Complement C5a induces PD-L1 expression and acts in synergy with LPS through Erk1/2 and JNK signaling pathways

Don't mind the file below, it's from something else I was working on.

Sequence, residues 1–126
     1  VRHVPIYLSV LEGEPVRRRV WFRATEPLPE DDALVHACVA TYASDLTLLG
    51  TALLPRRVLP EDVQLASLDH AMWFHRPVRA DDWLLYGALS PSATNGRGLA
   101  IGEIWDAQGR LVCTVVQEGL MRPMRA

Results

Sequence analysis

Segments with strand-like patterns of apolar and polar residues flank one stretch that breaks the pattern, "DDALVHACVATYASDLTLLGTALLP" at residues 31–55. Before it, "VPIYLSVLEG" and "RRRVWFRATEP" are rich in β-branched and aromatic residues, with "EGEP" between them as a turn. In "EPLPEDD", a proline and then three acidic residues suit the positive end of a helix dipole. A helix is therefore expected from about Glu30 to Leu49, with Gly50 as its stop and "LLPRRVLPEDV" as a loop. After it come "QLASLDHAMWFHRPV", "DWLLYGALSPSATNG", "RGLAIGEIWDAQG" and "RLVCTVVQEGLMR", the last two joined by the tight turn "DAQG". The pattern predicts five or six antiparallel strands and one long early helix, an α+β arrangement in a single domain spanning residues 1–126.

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Severe bacterial infection results in both uncontrolled inflammation and immune suppression in septic patients. Although there is ample evidence that complement activation provokes overwhelming pro-inflammatory responses, whether or not it plays a role in immune suppression in this case is unclear. Here, we identify that complement C5a directly participates in negative regulation of immune responses to bacteria-induced inflammation in an ex vivo model of human whole blood. Challenge of whole blood with heat-killed Pseudomonas aeruginosa induces PD-L1 expression on monocytes and the production of IL-10 and TGF-β, which we show to be inhibited by C5a blockade. The induction of PD-L1 expression by C5a is via C5aR1but not C5aR2. Furthermore, C5a synergises with P. aeruginosa LPS in both PD-L1 expression and the production of IL-10 and TGF-β. Mechanistically, C5a contributes to the synergy in PD-L1 expression by specifically activating Erk1/2 and JNK signaling pathways. Our study reveals a new role for C5a in directly promoting immunosuppressive responses. Therefore, aberrant production of complement C5a during bacterial infection could have broader effect on compromising host defense including the induction of immune suppression.
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